Everyone in the blockchain industry can breathe a big sigh of relief: terrorists, it turns out, mostly don’t rely on cryptocurrency to finance their activities. So says a new report from the Foundation for Defense of Democracies, a think tank specializing in national security and foreign affairs, which was presented to the congressional Subcommittee on Terrorism and Illicit Finance last week.
To be clear, the report suggests that terrorists would use cryptocurrency more if it weren’t for a number of technical issues which make it impractical. Areas with large-scale terrorist activity tend to be economically underdeveloped, and sparsely covered by the necessary infrastructure for exchanging digital currency for physical goods and services. Even when this can be done, the report says, terrorists generally lack the level of technological sophistication needed to obscure their activity from being detected on the public blockchain, and so tend to stick with cash instead. (Though coins like Monero, that offer a higher level of anonymity by default, could remove at least one of these barriers.)
Industry media outlets dutifully reported the news: Cryptocurrency Is Not Conducive To Terrorism, said Bitcoinist. Crypto Use A “Fringe Activity” Among Terrorists, wrote CoinDesk. Bitcoin Not Useful For Terrorists, reported CCN. Certainly, over the years, evidence-based articles like these have helped to overhaul the image of cryptocurrency from dark web drug money to a legitimate mode of value transfer. But touting this as a win for cryptocurrency reinforces the idea that suitability for terrorist purposes is the yardstick by which legitimacy should be measured, instead of acknowledging that privacy—the key property that terrorists and criminals are attracted to—is a fundamental right for all of us, but one which comes with both pros and cons.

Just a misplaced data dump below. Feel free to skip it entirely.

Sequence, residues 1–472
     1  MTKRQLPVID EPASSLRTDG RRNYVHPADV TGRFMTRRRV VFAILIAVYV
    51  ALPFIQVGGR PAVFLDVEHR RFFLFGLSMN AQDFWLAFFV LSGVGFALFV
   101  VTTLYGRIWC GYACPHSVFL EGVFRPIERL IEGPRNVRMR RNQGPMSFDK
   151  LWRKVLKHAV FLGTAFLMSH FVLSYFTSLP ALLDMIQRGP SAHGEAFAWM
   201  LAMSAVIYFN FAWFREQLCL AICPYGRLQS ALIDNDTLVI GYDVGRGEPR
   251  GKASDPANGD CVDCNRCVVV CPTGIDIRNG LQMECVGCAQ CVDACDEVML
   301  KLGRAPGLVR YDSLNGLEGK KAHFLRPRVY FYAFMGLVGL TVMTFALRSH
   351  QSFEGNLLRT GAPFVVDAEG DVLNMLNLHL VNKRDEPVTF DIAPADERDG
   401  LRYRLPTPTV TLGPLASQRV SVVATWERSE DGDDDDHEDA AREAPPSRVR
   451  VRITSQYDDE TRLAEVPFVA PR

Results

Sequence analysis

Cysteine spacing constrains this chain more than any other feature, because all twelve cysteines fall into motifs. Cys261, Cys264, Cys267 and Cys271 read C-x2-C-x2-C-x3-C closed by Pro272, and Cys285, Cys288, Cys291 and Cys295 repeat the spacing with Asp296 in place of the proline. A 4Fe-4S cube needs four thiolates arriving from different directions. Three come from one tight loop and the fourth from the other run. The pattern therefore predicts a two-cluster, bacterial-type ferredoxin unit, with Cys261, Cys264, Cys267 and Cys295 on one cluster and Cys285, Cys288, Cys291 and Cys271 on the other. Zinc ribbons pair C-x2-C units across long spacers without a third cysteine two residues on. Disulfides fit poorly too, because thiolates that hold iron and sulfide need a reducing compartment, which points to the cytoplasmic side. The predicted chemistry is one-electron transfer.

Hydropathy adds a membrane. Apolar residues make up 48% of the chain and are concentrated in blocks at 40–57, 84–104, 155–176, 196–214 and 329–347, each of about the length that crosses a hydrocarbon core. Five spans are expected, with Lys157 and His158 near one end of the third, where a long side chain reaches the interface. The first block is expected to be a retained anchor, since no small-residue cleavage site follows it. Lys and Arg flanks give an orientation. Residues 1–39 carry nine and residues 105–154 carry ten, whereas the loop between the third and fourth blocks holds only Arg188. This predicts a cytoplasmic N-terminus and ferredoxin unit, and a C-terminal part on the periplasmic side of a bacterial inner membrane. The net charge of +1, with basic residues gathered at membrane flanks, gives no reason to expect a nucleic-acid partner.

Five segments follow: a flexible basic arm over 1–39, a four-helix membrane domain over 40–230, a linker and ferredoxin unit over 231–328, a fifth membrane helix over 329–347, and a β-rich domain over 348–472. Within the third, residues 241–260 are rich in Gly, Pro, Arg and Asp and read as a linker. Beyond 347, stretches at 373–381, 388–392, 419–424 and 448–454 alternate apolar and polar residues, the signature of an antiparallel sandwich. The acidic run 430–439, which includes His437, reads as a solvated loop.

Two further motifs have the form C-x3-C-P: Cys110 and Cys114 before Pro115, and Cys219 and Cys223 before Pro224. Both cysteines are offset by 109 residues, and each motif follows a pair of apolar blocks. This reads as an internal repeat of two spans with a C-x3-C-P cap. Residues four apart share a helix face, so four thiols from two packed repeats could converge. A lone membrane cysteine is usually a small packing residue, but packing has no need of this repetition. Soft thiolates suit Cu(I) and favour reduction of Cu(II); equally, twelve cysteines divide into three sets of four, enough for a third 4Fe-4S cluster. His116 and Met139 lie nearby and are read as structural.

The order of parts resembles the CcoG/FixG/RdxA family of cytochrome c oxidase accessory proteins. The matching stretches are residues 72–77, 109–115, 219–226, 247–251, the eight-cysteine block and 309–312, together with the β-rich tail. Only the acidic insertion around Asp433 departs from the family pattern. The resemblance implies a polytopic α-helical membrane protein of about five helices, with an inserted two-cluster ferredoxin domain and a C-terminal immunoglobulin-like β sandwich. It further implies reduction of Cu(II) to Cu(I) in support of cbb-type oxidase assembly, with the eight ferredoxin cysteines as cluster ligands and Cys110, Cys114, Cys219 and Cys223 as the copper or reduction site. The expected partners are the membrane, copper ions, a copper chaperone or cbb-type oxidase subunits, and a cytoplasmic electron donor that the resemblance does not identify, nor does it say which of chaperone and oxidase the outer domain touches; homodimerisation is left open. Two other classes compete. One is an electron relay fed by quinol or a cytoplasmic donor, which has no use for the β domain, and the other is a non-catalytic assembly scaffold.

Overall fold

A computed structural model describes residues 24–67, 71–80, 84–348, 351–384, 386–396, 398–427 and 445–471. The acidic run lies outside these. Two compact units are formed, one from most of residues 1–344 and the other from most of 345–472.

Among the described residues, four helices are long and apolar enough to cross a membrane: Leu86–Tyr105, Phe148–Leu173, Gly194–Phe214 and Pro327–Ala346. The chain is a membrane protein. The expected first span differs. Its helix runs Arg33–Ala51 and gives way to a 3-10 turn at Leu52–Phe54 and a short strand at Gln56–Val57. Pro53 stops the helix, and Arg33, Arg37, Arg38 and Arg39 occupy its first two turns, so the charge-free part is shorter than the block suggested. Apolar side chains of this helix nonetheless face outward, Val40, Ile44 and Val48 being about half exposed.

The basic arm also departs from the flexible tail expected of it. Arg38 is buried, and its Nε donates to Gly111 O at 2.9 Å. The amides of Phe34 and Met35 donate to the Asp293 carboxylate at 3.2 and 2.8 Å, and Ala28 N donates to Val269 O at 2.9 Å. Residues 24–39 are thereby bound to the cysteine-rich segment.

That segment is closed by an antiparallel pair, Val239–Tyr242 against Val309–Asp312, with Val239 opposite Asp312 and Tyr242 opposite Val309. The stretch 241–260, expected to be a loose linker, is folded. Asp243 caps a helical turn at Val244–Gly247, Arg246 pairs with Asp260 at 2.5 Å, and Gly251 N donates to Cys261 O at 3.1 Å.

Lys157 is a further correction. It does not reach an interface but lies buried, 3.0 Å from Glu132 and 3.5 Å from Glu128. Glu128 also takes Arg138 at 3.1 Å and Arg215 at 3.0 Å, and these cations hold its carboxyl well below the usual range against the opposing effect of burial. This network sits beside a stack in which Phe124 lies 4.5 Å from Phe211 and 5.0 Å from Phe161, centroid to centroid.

Privacy will always be a double-edged sword. The ability to carry out any activity without scrutiny makes wrongdoing more likely, so by definition any privacy-enhancing technology makes criminal activity easier. On the other hand, the right to a private life is crucial to democracy, and any technology that erodes our ability to exist outside of the public sphere increases the likelihood of compliance with authoritarian rule—like China’s huge rollout of AI and facial recognition technology in public spaces.
Though it’s almost too trite to be worth saying, just because something can be used for illegal activity does not mean it will be. Here are a few other things that have been shown to fund terrorism: Saudi oil money. Offshore bank accounts. Suitcases full of hundred dollar bills. While we might take issue with the existence of one, two, maybe even all of them, they are a consequence of the financial and geopolitical systems that we live in, and not a sign that all oil, banking, or cash exchange is bad.
In the post-9/11 era, the threat of terrorism has been mobilized again and again in order to restrict civil liberties. In trying to promote the many legitimate uses of cryptocurrency, we should aim for a better standard than ‘is not used by terrorists’: the bar is too low, and it brings us down to try and clear it.